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HKU council controversy

University of Hong Kong refuses to strip chief executive of powers despite recommendation by review panel

Critics complain that alternative changes proposed still give city’s leader final say in HKU council appointments, as school releases long-awaited report

PUBLISHED : Wednesday, 28 June, 2017, 11:40am
UPDATED : Wednesday, 28 June, 2017, 11:40am

A recommendation to strip the city’s chief executive of the power to appoint University of Hong Kong council members – presented as the majority view by an independent review panel – has been rejected by its governing body.

The university is instead considering a proposal by a working group made up of council members to have committees advise the chief executive on such matters, a plan critics claim will ultimately result in the city’s top official still having the final say.

The chief executive’s role in appointing the council chairman and members of the city’s oldest university has become a contentious issue in recent years, with some stakeholders claiming outgoing leader Leung Chun-ying had used this power to conduct political interference in university matters.

On Tuesday night, HKU released the panel’s long-awaited report and addendum, which had been submitted to the council in February.

Strip Hong Kong chief executive of university powers, outside panel recommends

The report, co-authored by two panel members, Professor Sir Malcolm Grant, chancellor of the University of York, and Professor William Kirby from Harvard University, recommended that the role of chancellor, which is assumed by the city’s chief executive by default, should become largely honorary.

The incoming chancellor should delegate to the council itself the power to appoint future members to the university council, including its future chairmen, the report read.

It also noted that in the deeply polarised politics of modern Hong Kong, the fact that the power by the chief executive to appoint members “could be used for political patronage has led to deep suspicion”.

But in an addendum also released on Tuesday, the remaining member of the panel, former High Court judge Peter Van-tu Nguyen, objected to the recommendation and instead proposed adopting a present procedure at Chinese University whereby a list of possible names is prepared by the council, and the chancellor is required to appoint as chairman a person mentioned on the list.

He also noted that no conflict of interest or political interference in the university had been demonstrated.

In February, the council opted to establish a working group that would “propose the necessary policies, processes, arrangements, as well as the overseeing mechanism for their implementation”, instead of releasing the report to the public for consultation.

The working party was chaired by Dr Brian Stevenson and comprised five other council members.

On Tuesday, the council said it “agreed in general” with the group’s recommendations.

With regard to the role and position of the chancellor, it said it agreed with the working party that “it is not advisable at this point in time to introduce either an uncertain, long and protracted process of making legislative changes, or an ad hoc and informal practice of seeking agreement for delegation of power”.

Stevenson explained: “The working party was of the view – given the passage of time since the review panel first began its review exercise and recognising that some of its recommendations might imply legislative changes – that establishing a process of formal procedures was a more pragmatic way forward to ‘institutionalise’ the recommended changes...”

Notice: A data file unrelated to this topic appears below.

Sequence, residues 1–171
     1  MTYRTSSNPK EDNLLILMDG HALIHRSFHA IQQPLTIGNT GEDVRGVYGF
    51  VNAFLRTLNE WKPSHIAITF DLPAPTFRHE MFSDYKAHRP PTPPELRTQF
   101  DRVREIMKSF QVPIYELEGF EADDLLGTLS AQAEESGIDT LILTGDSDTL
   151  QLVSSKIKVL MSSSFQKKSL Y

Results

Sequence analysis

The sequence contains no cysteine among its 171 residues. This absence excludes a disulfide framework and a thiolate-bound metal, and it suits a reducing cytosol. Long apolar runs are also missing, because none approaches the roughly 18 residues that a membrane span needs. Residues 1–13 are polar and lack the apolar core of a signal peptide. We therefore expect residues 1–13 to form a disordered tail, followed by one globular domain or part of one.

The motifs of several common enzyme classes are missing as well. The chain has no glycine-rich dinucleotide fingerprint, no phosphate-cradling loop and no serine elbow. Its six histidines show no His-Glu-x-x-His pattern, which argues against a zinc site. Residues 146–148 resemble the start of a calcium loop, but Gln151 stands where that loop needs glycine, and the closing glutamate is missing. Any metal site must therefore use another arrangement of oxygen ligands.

“Such formal procedures, established by the council, could be reviewed and fine-tuned in the future as necessary,” he added.

But it was noted in the report by Grant and Kirby that their proposed change in power would be within the current powers of the chancellor and the council, and would not require approval from the Legislative Council.

University of Hong Kong chief quits early after two years of turmoil

The council also said it had resolved to introduce a set of procedures for the appointment of members and chairman of the council by the chancellor, including setting up a new advisory committee on council chairmanship.

According to the working party report, the advisory committee could make suggestions on possible candidates for the top post to the chancellor, who makes the appointment at his full discretion. The committee would be chaired by the pro-chancellor and comprise the president, treasurer and a member of the council, elected by members of the council.

For the appointment of council members, the working party recommended expanding the nominations committee – which currently comprises the council chairman, the president, a lay member of the council and an academic staff member of the council – by adding another lay member.

The revised nominations committee will suggest possible candidates to the chancellor, who makes appointments or reappointments at his full discretion.

Chief executive’s university role is not interference, it’s accountability

HKU students’ union president Ed Wong Ching-tak, who is also a council member, criticised the council for being “conservative” and “not respecting students’ opinions” about abolishing the automatic appointment of the chief executive as the university’s chancellor.

Dr William Cheung Sing-wai, chairman of the university’s academic staff association, said he believed the proposed changes by the working group were not a departure from the current system, with the chief executive still having the last say in picking council chairman and members.

“When the university found experts to review the governance structure, there was a hope for reform, but now the school just said it was impossible to implement the changes without even trying,” he lamented.